Posts in Bob Menendez
It's not often you see public infighting between an administration and a Senate chairman of the same party. But last week, an impasse over USAID's Cuba program between USAID and Senate Foreign Relations Chairman John Kerry heated up on the pages of The Miami Herald. According to the Herald, somebody called somebody a "Communist dupe" and the word "backstabbing" was thrown around.
What's the ruckus about? Last spring, the Democratic chairmen of the House and Senate Committees charged with foreign affairs put holds on FY09 USAID funds for its Cuba program. The two chairmen questioned the efficacy of a program which (do we have to remind anyone at this point?) has had its fair share of problems. After successive investigations uncovered embarassing misuse of funds, fraud and embezzlement, and a lack of demonstrable or significant results, the arrest of an American USAID subcontractor in Cuba forced Congress to finally examine how practicable USAID's democracy mission in Cuba really is.
The Chairmen seemed to come to an understanding with USAID after numerous consultations together last spring, and released their holds. The result was a $5 million cut to the program and a shift in the program's strategy and implementation. This spring, when USAID gave notice to Congress that it was ready to spend FY2010 funds, Kerry again held the funds (which were back to $20 million), and submitted more than a dozen detailed questions to USAID. (The notification is here. The questions and answers are here.)
It's pretty in-the-weeds stuff, but the upshot I get from reading it is that team Kerry thinks that USAID hasn't lived up to whatever deals were agreed to last spring. But team USAID thinks not only has it done enough, but that it can "take" Kerry in this rematch. How else to explain administration officials leaking an email from a Democratic chairman's office to the media?
As our readers no doubt noticed, the Rubio - Menendez amendment intended to curb U.S. travel to Cuba (via restricting the flights that may go there) went nowhere. And as one Cuban blogger and recent immigrant to the United States, Ernesto Morales Licea, writes at the Huffington Post via Yoani Sanchez: " . . . fortunately, when there is great nonsense there will always be great common sense to contain it. . . . "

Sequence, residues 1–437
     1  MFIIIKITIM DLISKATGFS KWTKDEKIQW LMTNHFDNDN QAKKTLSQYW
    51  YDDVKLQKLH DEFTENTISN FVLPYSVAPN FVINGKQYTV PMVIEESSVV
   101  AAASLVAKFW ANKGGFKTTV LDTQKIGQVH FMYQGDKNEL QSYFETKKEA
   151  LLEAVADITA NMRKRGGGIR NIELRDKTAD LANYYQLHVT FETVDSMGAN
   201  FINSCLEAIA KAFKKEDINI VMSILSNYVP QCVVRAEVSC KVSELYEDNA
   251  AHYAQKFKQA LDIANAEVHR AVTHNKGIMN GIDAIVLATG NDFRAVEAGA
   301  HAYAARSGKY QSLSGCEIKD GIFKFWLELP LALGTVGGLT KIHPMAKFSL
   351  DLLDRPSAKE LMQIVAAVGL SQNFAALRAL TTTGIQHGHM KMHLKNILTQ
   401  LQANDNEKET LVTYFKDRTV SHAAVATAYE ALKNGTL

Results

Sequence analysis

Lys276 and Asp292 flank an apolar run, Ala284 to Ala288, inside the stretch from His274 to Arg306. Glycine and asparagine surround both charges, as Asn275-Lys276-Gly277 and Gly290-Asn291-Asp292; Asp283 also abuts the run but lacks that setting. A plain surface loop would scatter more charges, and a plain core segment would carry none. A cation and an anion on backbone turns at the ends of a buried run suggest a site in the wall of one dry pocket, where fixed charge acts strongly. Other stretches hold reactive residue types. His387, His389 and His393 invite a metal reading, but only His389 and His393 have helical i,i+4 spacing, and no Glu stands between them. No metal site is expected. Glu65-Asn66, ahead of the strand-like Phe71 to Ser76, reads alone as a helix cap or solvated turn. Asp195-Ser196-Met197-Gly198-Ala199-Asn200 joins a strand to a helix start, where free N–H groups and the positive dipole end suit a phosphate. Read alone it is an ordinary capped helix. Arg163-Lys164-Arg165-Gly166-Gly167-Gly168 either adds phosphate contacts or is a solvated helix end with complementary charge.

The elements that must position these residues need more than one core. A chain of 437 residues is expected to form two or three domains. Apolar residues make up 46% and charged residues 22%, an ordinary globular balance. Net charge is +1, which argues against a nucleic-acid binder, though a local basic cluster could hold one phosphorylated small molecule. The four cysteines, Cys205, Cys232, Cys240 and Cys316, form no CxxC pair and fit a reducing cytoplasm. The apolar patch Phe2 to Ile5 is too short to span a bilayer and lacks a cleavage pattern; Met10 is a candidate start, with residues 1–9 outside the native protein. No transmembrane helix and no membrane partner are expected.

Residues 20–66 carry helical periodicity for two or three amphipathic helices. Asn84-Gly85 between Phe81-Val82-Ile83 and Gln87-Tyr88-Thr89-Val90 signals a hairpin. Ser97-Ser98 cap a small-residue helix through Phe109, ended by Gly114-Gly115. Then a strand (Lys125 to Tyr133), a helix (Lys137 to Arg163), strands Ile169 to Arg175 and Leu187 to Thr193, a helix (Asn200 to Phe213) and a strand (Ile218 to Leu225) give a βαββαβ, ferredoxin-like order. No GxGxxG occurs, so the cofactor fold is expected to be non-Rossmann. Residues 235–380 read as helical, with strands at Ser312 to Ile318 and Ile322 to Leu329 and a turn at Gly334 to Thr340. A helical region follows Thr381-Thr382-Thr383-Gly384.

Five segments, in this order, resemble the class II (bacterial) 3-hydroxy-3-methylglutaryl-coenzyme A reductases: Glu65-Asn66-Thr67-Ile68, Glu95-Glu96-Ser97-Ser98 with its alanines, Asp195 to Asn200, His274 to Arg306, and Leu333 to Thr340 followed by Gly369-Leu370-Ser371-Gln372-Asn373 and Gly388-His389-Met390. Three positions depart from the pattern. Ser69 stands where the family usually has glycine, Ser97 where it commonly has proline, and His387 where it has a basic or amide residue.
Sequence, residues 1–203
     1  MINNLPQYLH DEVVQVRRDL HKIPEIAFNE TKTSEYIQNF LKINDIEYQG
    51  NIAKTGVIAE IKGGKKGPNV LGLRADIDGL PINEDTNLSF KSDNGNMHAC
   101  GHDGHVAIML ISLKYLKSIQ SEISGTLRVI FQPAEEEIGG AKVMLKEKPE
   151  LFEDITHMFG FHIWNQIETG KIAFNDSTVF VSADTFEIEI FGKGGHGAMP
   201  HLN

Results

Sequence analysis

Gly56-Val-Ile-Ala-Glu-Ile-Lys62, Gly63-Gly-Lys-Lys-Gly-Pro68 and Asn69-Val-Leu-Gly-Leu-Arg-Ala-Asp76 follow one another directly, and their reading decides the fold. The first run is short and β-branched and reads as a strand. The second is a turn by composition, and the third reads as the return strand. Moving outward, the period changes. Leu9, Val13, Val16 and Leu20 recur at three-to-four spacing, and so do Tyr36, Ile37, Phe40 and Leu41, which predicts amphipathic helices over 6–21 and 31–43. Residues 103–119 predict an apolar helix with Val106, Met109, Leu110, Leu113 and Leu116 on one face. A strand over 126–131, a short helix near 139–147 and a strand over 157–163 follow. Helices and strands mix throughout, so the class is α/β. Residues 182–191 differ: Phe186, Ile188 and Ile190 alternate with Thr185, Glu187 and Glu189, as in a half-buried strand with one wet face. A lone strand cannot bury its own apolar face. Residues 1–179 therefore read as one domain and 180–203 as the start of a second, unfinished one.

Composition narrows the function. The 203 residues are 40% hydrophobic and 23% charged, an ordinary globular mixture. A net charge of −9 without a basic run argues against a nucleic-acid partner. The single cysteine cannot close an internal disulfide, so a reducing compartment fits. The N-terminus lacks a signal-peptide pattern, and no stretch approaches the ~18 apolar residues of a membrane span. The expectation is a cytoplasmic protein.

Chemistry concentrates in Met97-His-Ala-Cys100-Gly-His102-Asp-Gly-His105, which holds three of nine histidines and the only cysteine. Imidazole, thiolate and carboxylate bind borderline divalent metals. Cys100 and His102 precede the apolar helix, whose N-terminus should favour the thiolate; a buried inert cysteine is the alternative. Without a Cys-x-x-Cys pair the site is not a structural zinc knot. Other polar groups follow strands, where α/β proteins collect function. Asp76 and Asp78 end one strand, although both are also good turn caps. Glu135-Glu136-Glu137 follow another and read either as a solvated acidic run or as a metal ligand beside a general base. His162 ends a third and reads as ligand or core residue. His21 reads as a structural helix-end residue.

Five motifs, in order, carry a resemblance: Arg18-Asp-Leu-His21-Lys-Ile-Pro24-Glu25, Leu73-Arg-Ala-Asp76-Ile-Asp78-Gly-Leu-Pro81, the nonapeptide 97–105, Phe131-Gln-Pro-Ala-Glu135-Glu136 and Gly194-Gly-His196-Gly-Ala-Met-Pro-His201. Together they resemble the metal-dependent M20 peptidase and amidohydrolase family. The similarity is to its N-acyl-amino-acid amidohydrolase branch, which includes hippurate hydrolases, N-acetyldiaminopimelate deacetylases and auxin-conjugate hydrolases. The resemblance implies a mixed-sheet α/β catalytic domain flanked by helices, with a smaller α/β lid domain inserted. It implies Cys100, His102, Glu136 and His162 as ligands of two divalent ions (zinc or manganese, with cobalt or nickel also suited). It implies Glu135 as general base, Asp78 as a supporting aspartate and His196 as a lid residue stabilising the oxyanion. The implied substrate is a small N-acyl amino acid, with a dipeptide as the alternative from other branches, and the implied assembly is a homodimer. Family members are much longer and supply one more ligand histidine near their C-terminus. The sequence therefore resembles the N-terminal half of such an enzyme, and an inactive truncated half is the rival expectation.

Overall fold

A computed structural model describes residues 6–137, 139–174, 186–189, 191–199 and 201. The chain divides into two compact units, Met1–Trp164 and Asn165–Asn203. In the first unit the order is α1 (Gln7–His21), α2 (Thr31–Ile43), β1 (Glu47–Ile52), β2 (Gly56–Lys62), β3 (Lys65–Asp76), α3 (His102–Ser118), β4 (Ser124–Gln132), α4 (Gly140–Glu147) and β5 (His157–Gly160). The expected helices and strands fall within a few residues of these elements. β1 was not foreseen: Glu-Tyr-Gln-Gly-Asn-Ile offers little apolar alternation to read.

I'm not so confident as Morales that good sense always contains the nonsense, but I am heartened to hear what Morales has to say in defense of our great democracy:
"When governments or state officials forget their limits and begin to decide what kind of religion its people should practice, or what television they should watch (in Cuba today they broadcast a nightly program called "The Best of Telesur," where they select, with tweezers, what Cubans should see even within this "friendly" channel), when the government begins to regulate, for example, where its citizens can or cannot travel, the foundations of democracy, by definition, are cracking."
Morales isn't interested in whether Rubio and Menendez's oft-repeated justifications for curtailing the rights of Americans and Cuban Americans to travel freely to Cuba - to avoid enriching the Cuban government - actually hold water (they don't, he says). He argues that what makes our democracy pure is that we protect the civil liberties of our citizenry above whatever interests might possibly (or even definitely) be served in exchange.
Oddly enough, freshman GOP Senator (and Tea Party darling) Marco Rubio is counting on Democrat Bob Menendez to hold the line on Cuba policy reforms in the Senate this year. But, he told two hard-line Miami radio show hosts, he does plan to educate his fellow colleagues from agriculture states about political prisoners in Cuba (afterall, they’re “not communists” – they just don’t know any better).
Rubio disagreed with the Obama administration’s decision to ease restrictions on family travel in 2009 (see here for why), and tells the Miami-based Radio Mambi show that he thinks the administration may be looking to do more. (H/T to Politico's Ben Smith for posting the interview.) My informal translation follows:
“It’s important that this community and especially our elected officials, especially those holding federal office, express clearly that our position hasn’t changed and won’t change. If there’s something that has to change here, it’s in Cuba, there needs to be a change in government there. And if U.S. policy should change toward Cuba, then it should become even more tough.”
Does that refrain sound hopelessly familiar to anyone? I’m sure an hour on the internet could turn up numerous such statements from Florida politicians and Bush administration officials in the last decade alone.
Rubio, and anyone following Cuba news last year, knows well that the inter-agency approved new regulations for Cuba travel last summer. But perhaps he’s worried about any progress this week at the next round of twice-yearly bilateral talks on the 1994-95 migration accords.